As detailed in the first part of this LG plasma TV review article, LG Infinia HDTVs are characterized by LG's single layer of glass design that extends from edge-to-edge for a seamless look; this is further complemented by the slim profile.
Still, there are a few differences in the design between these two series. As expected, the PK950 series gets a more refined styling over the already pleasing design of the PK750. PK950 HDTVs come with a transparent vertical support stand, a complementing black glass base and a sleek transparent edge along the frame - sort of a similar arrangement to what we find on Samsung HDTVs.
From a features perspective, the PK750 Infinia series adds the upgraded LG NetCast Internet-enabled TV application which as noted earlier on, for 2010 adds access to Napster™ for on-demand streaming of music, and Roxio CinemaNow™ for access to pay-per-view movies from major studios.
Yet the most important upgrade - from a picture perspective over 2009 - is the new THX display certification, which thanks to the addition of a new THX picture mode designed for a bright room environment, has for the first time, made the THX picture mode more usable under what many consider to be the typical TV viewing environment. This is also the picture mode that delivers the best out-of-the-box picture setting - making the THX Bright Room mode on these LG plasma TVs the best way to enjoy a picture that is closest to what represents the perfect TV picture.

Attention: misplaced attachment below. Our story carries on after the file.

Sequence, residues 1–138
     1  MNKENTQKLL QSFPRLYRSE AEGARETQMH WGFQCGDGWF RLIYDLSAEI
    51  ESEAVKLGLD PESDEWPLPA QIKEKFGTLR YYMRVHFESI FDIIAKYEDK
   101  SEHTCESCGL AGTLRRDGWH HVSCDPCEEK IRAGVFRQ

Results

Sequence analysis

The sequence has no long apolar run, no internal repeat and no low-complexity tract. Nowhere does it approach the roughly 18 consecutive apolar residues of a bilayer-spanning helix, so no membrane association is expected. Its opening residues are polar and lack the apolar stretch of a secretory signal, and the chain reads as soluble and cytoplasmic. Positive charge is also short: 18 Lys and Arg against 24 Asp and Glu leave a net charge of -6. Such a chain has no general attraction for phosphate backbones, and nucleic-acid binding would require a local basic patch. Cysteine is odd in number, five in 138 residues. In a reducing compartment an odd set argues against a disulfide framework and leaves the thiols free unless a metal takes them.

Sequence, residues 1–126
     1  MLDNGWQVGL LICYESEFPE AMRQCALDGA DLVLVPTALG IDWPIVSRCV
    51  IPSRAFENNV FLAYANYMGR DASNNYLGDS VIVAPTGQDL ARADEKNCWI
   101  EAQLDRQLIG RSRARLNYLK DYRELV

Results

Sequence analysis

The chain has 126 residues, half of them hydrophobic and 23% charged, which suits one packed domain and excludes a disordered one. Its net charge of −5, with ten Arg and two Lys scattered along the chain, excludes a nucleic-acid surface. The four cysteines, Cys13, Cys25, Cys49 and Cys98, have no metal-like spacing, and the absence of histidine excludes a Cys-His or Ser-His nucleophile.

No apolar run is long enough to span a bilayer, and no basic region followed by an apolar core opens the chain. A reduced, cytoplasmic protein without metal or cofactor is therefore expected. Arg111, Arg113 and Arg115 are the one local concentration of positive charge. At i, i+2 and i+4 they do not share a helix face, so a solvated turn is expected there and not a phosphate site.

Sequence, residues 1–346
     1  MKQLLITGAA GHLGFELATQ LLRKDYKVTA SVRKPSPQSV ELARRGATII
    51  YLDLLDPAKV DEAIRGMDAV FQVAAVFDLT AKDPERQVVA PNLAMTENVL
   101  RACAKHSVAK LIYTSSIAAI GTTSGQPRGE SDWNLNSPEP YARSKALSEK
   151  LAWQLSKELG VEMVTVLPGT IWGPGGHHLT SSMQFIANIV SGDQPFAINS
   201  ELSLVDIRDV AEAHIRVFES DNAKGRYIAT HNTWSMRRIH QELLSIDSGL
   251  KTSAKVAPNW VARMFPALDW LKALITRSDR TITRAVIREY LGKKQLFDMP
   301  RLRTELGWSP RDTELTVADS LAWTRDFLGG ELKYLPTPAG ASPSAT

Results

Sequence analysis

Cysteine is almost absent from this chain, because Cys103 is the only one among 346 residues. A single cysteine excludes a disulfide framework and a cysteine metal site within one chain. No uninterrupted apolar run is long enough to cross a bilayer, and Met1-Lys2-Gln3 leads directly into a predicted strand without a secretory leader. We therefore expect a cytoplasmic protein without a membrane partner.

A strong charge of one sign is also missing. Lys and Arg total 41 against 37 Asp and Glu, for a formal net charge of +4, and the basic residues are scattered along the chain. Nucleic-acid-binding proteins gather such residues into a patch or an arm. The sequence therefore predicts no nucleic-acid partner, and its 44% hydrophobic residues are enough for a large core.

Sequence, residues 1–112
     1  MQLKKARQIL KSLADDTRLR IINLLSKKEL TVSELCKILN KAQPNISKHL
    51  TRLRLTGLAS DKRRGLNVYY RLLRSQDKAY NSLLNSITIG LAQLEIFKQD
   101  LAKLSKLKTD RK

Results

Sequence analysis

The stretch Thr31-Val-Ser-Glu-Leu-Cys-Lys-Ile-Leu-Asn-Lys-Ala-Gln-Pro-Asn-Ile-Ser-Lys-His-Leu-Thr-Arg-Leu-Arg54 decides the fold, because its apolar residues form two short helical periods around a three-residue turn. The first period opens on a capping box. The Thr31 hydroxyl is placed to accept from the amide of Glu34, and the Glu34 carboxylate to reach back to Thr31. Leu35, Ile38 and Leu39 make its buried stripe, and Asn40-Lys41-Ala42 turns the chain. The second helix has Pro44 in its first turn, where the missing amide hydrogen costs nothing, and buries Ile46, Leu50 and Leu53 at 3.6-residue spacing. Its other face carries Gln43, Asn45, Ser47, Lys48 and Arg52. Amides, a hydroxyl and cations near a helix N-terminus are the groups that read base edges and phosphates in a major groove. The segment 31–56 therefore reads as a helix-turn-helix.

Other enhancement over the entry-level series include the addition of a fourth HDMI input, an Ethernet input for LG NetCast, Wi-Fi access via the optional LG’s AN-WF100 Wi-Fi USB adapter, and wireless media connectivity to reduce the cable clutter around your TV via the optional LG AN-WL100W Wireless Media Kit. In this respect, LG connectivity suite is one of the most complete. The only issues we have are basically the same as those highlighted for the cheaper series, namely the lack of an analog stereo output and the positioning of the AV connections facing the wall instead of angled at 90-degrees for a slimmer wall installation.